When Actor Joshua Grosso, who plays Marius in the touring production of "Les Miserables," was first asked to mentor a handful of San Diego students competing at the Broadway San Diego Awards, he wanted to make sure no one was making a mistake.
"I went, 'Are you sure? Are you absolutely sure? You want me to teach?'" Grosso told NBC 7 in a phone interview, laughing a little.
The 24-year-old star of the hit musical, in San Diego from May 29 to June 3, is a recent Carnegie Mellon University graduate. In high school, he was the winner of the National High School Musical Theatre Awards, also known as the Jimmy Awards.
That's why he was a natural fit for a special workshop with San Diego students, all heading into Broadway San Diego Awards. The two winners of the Broadway San Diego Awards advance to the Jimmy Awards, where they compete with students across the nation.
But heading into the workshop, Grosso said, he wanted to be less like a teacher and more like a collaborating mentor - an actor who was just like the students not too long ago.
"Starting off the class, I went, okay I just need a precursor, a few words before we start," Grosso recalled. "I don't claim to be an expert when it comes to the voice or an expert when it comes to acting. I'm only really here just to offer you a few words of what I believe may be able to help you and just to share the experiences I've learned and I've gone through."
Grosso said he saw shades of himself in the students and was able to work with them to help them. He also offered words of advice.
"I could see things where I was like, well I did that when I was 18," Grosso said.
"But when I say, 'Oh I did that when I was 18,' that was like 5 years ago," Grosso added, laughing.
Grosso graduated from Carnegie Mellon in 2016 and moved to New York, where he spent several months auditioning. Nearly a year into the process, he auditioned for the tour of "Les Miserables."
Most auditions normally last three or four minutes, Grosso said. This one, though, lasted nearly ten minutes and included time spent with the creative team working on the music a bit.
"I really liked how they were approaching a musical that could, a lot of times, be passed off as, you know, it's just a musical where you sing a lot of pretty songs and then you're done after three hours," Grosso said. "But the approach that they were taking, it was extremely grounded in reality, extremely based in real-life circumstances and trying to bring these people to life in a way that people would actually care about them and find them believable."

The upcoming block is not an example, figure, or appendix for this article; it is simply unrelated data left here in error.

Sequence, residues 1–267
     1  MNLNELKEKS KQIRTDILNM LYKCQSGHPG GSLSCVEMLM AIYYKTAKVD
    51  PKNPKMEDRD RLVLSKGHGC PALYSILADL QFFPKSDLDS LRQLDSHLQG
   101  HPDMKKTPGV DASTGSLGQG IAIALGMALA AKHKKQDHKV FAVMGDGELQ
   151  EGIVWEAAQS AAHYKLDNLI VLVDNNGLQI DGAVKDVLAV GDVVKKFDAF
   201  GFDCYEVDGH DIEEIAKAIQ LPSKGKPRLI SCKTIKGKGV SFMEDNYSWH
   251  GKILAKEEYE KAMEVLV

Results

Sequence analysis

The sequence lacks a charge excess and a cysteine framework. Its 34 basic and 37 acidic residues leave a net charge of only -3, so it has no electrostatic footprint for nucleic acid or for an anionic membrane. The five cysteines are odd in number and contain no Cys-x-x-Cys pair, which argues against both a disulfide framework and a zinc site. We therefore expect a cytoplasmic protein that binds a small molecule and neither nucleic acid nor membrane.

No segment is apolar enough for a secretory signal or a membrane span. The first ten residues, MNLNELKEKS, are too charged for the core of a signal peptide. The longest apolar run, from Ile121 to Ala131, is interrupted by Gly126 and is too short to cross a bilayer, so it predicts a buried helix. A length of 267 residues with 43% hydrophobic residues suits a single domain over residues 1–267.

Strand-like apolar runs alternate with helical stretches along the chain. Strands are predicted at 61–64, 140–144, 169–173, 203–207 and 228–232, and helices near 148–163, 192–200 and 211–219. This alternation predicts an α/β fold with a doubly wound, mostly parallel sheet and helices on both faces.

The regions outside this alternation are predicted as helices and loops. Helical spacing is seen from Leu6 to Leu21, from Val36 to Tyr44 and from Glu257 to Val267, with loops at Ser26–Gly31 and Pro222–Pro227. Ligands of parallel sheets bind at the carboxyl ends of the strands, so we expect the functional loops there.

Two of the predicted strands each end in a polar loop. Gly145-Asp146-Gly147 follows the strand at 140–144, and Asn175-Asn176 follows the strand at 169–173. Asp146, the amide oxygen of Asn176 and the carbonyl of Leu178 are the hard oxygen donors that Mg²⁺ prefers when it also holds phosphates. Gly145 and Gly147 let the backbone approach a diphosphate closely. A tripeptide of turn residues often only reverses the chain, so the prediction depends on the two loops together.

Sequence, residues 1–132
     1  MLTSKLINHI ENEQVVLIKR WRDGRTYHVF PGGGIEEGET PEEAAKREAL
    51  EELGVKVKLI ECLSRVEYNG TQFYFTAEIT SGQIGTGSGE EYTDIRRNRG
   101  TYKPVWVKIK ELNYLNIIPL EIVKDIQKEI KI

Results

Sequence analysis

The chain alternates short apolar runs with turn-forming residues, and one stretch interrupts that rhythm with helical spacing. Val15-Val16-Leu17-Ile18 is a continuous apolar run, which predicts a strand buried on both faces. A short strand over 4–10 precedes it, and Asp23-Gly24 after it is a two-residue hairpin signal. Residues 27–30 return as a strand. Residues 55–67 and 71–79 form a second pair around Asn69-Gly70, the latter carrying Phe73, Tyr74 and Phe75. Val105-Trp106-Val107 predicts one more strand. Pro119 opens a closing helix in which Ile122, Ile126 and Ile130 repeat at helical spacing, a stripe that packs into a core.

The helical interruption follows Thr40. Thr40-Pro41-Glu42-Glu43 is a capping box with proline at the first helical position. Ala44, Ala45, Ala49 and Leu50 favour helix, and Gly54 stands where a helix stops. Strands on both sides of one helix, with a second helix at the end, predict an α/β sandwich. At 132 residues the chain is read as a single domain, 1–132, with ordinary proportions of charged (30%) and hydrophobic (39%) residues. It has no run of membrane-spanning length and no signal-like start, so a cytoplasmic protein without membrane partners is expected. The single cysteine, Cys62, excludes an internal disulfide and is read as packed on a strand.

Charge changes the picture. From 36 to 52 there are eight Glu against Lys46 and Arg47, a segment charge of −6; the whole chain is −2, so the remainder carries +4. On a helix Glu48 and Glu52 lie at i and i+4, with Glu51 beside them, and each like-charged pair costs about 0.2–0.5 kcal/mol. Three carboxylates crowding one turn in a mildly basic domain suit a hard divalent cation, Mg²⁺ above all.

At the time, he had surface-level knowledge of the musical: he knew the songs, he had seen the movie, but he had never seen the show live.
When he started digging deeper into the show, Grosso said, he wanted to learn what elements of the musical kept it around for nearly 30 years. He was drawn to Marius because the character presented a tough challenge for him, vocally and acting-wise.
Digging deeper, he saw something in Marius that he didn't think other actors had tapped into.
"A lot of things that could be seen as a weakness of the character's, I saw as a strength," Grosso said.
"I think he's one of the few characters in the show that, when you start off, you actually get to see him change and flip-flop back and forth, which is frustrating to see, but it's the strength of his character: he's not afraid to go, 'oh shoot, I was wrong,'" Grosso said.
Grosso has been starring as Marius for just a few months, he said, but helped teach local students a little about what he has learned so far on his journey. One of those lessons was his mentality when it comes to his profession. He always remembers the mantra "hold on tightly, let go lightly."
"Which is basically, work your a-- off for what you want, don't let anybody get in your way, listen to what other people have to say, listen to your mentors, but at the same time, if something doesn't go through, the world still spins," Grosso said.
As he sat in the audience Saturday for the Broadway San Diego Awards, watching students he had worked with earlier that day, he felt both a unique kinship with the students and a sense of relief.
"A part of me was like, I know what those students were going through," he said. "On the other hand, it was really comforting, because I was like, 'you'll be okay.' This is not the only opportunity out there."